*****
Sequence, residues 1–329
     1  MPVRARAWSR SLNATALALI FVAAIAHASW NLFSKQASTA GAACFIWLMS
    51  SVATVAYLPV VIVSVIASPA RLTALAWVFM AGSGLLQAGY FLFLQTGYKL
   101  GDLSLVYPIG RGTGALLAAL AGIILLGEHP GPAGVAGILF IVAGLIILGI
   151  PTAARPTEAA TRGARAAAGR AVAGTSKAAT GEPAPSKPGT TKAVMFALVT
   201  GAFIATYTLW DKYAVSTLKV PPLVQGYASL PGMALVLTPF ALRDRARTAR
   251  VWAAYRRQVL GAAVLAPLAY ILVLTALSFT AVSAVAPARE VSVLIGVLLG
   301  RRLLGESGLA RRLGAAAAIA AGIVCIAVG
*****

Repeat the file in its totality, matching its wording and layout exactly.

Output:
Sequence, residues 1–329
     1  MPVRARAWSR SLNATALALI FVAAIAHASW NLFSKQASTA GAACFIWLMS
    51  SVATVAYLPV VIVSVIASPA RLTALAWVFM AGSGLLQAGY FLFLQTGYKL
   101  GDLSLVYPIG RGTGALLAAL AGIILLGEHP GPAGVAGILF IVAGLIILGI
   151  PTAARPTEAA TRGARAAAGR AVAGTSKAAT GEPAPSKPGT TKAVMFALVT
   201  GAFIATYTLW DKYAVSTLKV PPLVQGYASL PGMALVLTPF ALRDRARTAR
   251  VWAAYRRQVL GAAVLAPLAY ILVLTALSFT AVSAVAPARE VSVLIGVLLG
   301  RRLLGESGLA RRLGAAAAIA AGIVCIAVG